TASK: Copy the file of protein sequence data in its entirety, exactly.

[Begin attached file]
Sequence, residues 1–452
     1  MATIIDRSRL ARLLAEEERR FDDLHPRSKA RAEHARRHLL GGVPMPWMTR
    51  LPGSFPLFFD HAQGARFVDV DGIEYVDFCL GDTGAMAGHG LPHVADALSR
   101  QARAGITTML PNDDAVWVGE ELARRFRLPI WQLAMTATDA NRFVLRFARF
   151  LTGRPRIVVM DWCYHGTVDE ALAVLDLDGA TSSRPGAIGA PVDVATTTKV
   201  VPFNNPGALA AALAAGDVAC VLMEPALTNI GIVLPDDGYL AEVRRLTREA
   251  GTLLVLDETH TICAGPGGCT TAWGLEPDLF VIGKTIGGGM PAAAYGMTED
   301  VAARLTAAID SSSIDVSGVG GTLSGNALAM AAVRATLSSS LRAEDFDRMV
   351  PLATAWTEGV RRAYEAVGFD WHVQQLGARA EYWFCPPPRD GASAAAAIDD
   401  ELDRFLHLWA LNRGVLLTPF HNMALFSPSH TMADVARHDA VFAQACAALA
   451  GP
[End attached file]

Sequence, residues 1–452
     1  MATIIDRSRL ARLLAEEERR FDDLHPRSKA RAEHARRHLL GGVPMPWMTR
    51  LPGSFPLFFD HAQGARFVDV DGIEYVDFCL GDTGAMAGHG LPHVADALSR
   101  QARAGITTML PNDDAVWVGE ELARRFRLPI WQLAMTATDA NRFVLRFARF
   151  LTGRPRIVVM DWCYHGTVDE ALAVLDLDGA TSSRPGAIGA PVDVATTTKV
   201  VPFNNPGALA AALAAGDVAC VLMEPALTNI GIVLPDDGYL AEVRRLTREA
   251  GTLLVLDETH TICAGPGGCT TAWGLEPDLF VIGKTIGGGM PAAAYGMTED
   301  VAARLTAAID SSSIDVSGVG GTLSGNALAM AAVRATLSSS LRAEDFDRMV
   351  PLATAWTEGV RRAYEAVGFD WHVQQLGARA EYWFCPPPRD GASAAAAIDD
   401  ELDRFLHLWA LNRGVLLTPF HNMALFSPSH TMADVARHDA VFAQACAALA
   451  GP